Primary or neutral yellow, which is neither warm or cool (e.g. Nickel Azo Yellow, Hansa Yellow Medium, Pure Yellow by Schmincke or Winsor Yellow by Winsor and Newton), is a useful colour to experiment with but not necessarily at this stage.
Having selected your eight colours – cool red; warm red; cool blue; warm blue; cool yellow; warm yellow, black and white – you now need to pick just two more colours. For instance, Cadmium Red and Cadmium Yellow.
You can use what ever paper suits you best. So, if you are a watercolour artist, you could use some of your cheaper watercolour paper and either leave it in sheets, fold it into a book or cut it up into squares or oblongs to make colour cards like the ones in your DIY store.
If you are an acrylic artist you can use watercolour paper but it is best to gesso it first or you can buy acrylic painting pads which you can treat in the same way or simply use a sketch book so that all your samples are in the same place. Oil painters can buy sheets of primed canvas which you can treat in the same manner. Whichever way works best for you, go with it.
So, start with one colour, say the yellow. In its purest form, straight from the tube, paint a swatch on your paper – making sure to record which shade you have used and that this is its pure state. Now, taking a very small amount of the red, add it into the yellow and place a swatch of colour on your paper. Again, remember to record what you have done, particularly if you are making them into individual swatches. Repeat this process until you have gone from pure yellow and to pure red.
Now start again with the yellow add another colour, working through all of them and recording the mixes. Adding some cool red to the warm red will also give you an interesting result and you may wish to record this, too.
Now start again with the first two colours but this time add in the black, a little at a time, and then some white, too. It is amazing how black and yellow together with white can look and how adding in one of the reds can change that, too.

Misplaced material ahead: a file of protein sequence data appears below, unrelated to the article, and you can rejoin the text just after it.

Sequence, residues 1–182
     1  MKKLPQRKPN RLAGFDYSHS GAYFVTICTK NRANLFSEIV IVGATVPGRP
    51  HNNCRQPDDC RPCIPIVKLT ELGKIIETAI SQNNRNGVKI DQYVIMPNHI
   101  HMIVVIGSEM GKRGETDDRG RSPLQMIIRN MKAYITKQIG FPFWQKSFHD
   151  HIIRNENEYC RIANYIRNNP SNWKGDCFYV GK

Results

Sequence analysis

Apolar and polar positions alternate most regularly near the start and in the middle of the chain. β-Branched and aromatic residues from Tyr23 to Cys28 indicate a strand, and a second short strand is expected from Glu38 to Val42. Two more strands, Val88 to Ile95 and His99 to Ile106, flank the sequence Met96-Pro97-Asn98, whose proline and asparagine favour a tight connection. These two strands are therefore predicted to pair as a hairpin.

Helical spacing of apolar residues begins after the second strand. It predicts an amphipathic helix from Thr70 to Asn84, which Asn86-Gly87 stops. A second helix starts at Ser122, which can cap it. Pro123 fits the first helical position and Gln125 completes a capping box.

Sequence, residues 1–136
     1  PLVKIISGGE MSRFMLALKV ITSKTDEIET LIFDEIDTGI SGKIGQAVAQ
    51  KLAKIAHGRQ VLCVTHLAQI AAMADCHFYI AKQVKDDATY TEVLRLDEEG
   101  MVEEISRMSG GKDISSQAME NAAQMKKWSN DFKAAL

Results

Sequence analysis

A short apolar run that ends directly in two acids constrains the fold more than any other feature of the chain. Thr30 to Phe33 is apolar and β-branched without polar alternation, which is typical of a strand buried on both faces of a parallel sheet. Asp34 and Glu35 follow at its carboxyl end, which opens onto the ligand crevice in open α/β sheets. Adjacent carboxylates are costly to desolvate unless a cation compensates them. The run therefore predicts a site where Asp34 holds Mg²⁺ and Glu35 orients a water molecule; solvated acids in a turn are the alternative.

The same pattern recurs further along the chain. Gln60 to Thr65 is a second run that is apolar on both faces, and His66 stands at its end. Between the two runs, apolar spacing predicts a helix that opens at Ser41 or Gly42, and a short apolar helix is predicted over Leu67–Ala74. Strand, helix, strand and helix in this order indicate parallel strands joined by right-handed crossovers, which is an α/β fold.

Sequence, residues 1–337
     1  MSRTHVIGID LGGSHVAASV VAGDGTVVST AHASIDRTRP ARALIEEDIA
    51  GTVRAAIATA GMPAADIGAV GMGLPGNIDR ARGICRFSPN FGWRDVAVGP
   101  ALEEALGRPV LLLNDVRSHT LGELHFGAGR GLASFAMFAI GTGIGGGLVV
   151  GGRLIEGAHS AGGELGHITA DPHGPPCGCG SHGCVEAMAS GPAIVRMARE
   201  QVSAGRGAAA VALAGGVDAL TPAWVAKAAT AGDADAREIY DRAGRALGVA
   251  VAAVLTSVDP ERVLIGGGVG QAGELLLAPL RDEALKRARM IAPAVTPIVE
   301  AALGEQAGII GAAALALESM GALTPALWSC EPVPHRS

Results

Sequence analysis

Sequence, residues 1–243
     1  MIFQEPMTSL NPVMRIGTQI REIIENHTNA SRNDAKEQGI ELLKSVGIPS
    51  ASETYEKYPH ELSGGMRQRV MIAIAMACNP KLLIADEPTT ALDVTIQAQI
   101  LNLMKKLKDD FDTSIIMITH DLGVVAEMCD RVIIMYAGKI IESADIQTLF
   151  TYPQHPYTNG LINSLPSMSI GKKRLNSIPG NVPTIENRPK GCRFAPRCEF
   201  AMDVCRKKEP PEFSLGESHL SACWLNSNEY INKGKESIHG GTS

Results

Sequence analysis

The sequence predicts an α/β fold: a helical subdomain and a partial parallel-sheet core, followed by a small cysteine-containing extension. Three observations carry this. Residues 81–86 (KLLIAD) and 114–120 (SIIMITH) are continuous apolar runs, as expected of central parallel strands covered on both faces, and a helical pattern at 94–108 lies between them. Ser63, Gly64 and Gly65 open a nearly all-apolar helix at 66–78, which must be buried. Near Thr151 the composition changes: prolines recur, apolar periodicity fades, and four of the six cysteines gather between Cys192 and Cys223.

You could spend hours doing this or, just as easily, produce a couple of colours as and when you have time. Once you have produced this resource it is then easy to decide which colours work in a way which pleases you and, when you are looking for a colour in your paintings and you are unsure what to use, your swatches should help you out.
The overall positive to doing this is that you can decide what overall colour effect you want your work to have and then you can quickly figure out which colours work best for you.
Using a limited pallet and knowing which colours you can produce by combining them you also get to produce works which are harmonised. You will know that the artwork will always sit comfortably within itself because all the colours are combinations of themselves. So, if you want to produce a beautifully harmonised artwork you have the tools to do so. Likewise, if you want to make a splash you can use your swatches up against your harmonised piece to see exactly what result you can obtain.
I do hope you take up the chance to make this useful tool for yourselves. You won’t regret it in the long run.
A final fun experiment to do is to make greys (grays). Start by simply mixing black and white together and make a few different shades. Then add hints of colour into them and see just how much more interesting they are if they start their lives as a colour which is then pushed into the grey field.